Sunday, March 22, 2009

I feel that in my over-excitement, I may not have done justice to the genius of the Christian Lacroix exhibition in yesterday's post. You must understand that I've been longing to visit an exhibition featuring the work of an inspirational fashion designer like Lacroix for ages.

I admit that the only features of Lacroix's designs I knew prior to this was 'polka-dots and ruffles'. It is obvious from the exhibition that Lacroix is so much more than that. He is a designer who pays great attention to the fabrics he uses. Indeed, a dazzling array of exquisite materials such as lace, satin, velvet and taffeta are present in the costumes, mixed in novel ways. In fact, I noticed that a Christian Lacroix costume often looks very 'rich', because varied materials are layered to produce depth, character and detail. He is just as fearless when it comes to playing with colour. The way he puts colours and textures together looks so instinctual, even whimsical. No other designer can do it with the flair of Lacroix.

What I found very interesting also is the way he manipulates and transforms found or used fabric. He is quoted in the handbook as saying:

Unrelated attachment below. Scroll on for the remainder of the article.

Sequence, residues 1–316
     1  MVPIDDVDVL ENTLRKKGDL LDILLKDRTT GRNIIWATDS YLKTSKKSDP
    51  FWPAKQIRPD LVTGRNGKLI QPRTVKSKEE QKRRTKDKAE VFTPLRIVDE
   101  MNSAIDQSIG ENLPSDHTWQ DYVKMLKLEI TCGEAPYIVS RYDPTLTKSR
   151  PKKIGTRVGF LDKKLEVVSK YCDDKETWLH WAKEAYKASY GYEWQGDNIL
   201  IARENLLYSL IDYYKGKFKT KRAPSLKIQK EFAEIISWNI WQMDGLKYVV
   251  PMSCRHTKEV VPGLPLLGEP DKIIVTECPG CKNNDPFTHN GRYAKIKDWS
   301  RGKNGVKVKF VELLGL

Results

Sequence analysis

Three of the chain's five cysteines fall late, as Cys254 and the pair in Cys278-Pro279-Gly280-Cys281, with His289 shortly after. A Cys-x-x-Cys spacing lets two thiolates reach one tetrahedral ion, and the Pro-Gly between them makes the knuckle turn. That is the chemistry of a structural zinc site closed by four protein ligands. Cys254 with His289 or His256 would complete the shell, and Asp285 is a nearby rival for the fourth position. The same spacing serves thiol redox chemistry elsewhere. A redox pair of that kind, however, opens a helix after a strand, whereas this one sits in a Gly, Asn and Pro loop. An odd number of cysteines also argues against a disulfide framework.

"Personally, I also work a lot with old costumes picked up in flea markets or in archives, that I dissect and recycle (an 1890s visiting dress can become a 17th century farthingale). Then follows the magnificent work of distressing, dyeing and stencilling that give more or less contemporary fabrics a soul, a past, a depth and unity. Nylon can be made to look magical, or plastic a baroque damask; conversely, the most precious 18th century furnishing fabric can be turned into rags."

"I like this idea, which I also use in fashion design, of the thing that is digested again, of clothing that is re-thought and given a second life."

He is certainly a visionary who is able to see the potential of clothing or fabric. The quotes also explain very well why his designs (not just for the theatre, but his couture and ready-to-wear ones too) often incorporate historical elements but with a modern twist.

I walked away with the overwhelming sense that he has great fun with what he does. Perhaps that is the essence of his success.

PS. For bragging purposes, here are photos of us at the entrance of the exhibition, and in the exhibition space, sitting on red velvet crown chairs and feeling like royalty.

1 comment:

Jing said...

hi there!

i found your blog from the fashion spot. i enjoy reading your entries. i'd like to find out how much is the admission fee to the museum to see Lacroix's exhibition. the opening hours are not to my advantage. looks like i can only visit on saturdays.

lastly, is it possible for you to refer me for membership to the fashion spot? i'm not in this industry, though.

thanks vm!